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Charting Citigroup: A 'Nice' Range Trade

I've been advertising a rangebound market lately. If you are going to make money in this market, you have to think range trading.

Citigroup Center
AP
Citigroup Center

In a rangebound market, buying and holding or shorting and holding will not work as the market will simply churn while you wait. Like all things in the market, this will change.

But for now, if you care to make money, that is the trade the market is providing.

As an example, take a look at Citigroup. It has a well-defined range that has formed a nice range trade.

In fact, there's a range within a range when looking at this weekly chart.

The highs and bottoms of the larger range are defined and then the smaller range inside is also called out. The idea with all range trades — whether they are the common horizontal range or a range with an upward or downward bias — is to sell the rallies and buy the pullbacks.

You want to ideally buy strong stocks that are pulled lower by the general market and sell weak stocks that are pulled higher. There are some stocks that can be bought and sold short, but typically you look for the strong and the weak and concentrate on them.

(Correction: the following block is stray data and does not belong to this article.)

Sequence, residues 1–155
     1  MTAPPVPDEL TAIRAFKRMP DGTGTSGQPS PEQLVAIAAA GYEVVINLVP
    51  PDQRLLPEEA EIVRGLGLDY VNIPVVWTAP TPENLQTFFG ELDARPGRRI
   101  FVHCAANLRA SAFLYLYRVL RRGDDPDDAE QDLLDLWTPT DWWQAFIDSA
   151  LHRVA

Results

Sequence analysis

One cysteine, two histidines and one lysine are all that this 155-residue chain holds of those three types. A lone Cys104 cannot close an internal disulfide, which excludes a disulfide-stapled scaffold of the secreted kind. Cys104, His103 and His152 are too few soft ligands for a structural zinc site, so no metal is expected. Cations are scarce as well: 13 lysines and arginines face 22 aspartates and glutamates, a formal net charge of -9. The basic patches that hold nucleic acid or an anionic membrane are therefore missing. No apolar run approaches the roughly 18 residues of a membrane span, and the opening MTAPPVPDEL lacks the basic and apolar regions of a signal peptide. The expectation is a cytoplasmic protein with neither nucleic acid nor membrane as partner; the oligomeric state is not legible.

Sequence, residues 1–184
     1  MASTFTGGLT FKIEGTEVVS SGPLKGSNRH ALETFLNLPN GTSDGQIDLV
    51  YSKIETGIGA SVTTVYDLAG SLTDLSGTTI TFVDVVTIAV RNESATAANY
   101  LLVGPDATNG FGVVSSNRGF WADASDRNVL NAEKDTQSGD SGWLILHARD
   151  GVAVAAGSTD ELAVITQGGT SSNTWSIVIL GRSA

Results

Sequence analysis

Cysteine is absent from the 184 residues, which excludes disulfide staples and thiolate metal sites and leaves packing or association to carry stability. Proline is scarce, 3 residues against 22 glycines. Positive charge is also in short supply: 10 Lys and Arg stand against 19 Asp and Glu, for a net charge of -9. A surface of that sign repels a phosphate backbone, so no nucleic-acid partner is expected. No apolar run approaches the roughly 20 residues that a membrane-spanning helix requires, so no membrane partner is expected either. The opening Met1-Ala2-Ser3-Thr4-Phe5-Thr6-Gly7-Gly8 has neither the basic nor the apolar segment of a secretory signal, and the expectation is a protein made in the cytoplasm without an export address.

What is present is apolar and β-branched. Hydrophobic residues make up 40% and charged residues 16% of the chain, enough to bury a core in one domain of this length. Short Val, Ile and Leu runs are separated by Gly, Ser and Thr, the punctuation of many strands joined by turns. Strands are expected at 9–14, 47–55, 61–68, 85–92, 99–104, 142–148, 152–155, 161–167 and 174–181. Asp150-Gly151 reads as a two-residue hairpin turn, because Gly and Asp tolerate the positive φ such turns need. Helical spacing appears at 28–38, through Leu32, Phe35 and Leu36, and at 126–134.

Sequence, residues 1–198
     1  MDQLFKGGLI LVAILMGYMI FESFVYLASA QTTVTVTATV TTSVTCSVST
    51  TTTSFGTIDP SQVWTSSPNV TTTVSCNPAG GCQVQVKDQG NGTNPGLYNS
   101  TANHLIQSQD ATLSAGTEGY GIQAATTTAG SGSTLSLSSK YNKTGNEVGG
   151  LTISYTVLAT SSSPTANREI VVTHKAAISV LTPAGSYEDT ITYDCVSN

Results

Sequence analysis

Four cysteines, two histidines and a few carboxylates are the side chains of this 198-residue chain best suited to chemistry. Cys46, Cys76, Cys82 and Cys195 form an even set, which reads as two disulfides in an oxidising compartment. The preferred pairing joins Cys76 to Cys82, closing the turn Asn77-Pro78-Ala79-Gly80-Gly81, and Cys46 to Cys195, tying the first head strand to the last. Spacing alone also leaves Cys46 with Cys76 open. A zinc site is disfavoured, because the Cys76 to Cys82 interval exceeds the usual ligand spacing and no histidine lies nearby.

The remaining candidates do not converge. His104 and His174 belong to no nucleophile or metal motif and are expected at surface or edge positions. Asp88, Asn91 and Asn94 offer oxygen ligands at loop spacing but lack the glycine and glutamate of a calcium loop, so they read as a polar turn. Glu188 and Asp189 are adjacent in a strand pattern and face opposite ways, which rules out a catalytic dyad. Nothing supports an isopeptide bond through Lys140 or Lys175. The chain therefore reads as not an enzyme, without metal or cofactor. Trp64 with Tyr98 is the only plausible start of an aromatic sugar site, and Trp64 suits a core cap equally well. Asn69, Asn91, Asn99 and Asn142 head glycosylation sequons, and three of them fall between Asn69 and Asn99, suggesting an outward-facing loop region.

What the Daily Chart Says

On the daily chart, Citigroup is easily telegraphing the trades.

The way to tell whether the larger range will be in play again is to watch the volume characteristics at the edges. In the case of Citigroup, the push higher last week did not come with enthusiasm. There was no increased volume when compared to the prior swing points. When that happens, and when the general market is rangebound, you have to sell the earlier purchased shares as the range trade is still in effect.

Some of the best markets to trade are rangebound markets. Ranges typically hold for three or four tests on both sides of the range and if you are buying the strong and selling the weak, you can measure their strength as they come to the edges of the respective ranges in order to decide whether to stay or leave. If they have increasing volume as compared to the swing point they are testing, then you stay with the trade. If they don't, you exit.

Upon entry it's the same idea. If you buy the weakness then you are planning for the range to hold. If volume expands rather than contracting at the swing point you are buying, then you need to reconsider the purchase or stop out if you have already begun to buy. In the markets, you can control risk and play proven patterns but nothing is ever a given in the stock market.

With that in mind, just keep trading the charts!

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Other Big Financials in the News:

JPMorgan Chase

American Express

Goldman Sachs

Morgan Stanley

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Disclosures:

At the time of publication, Little had no position in the stock mentioned, though positions can change at any time.

Disclaimer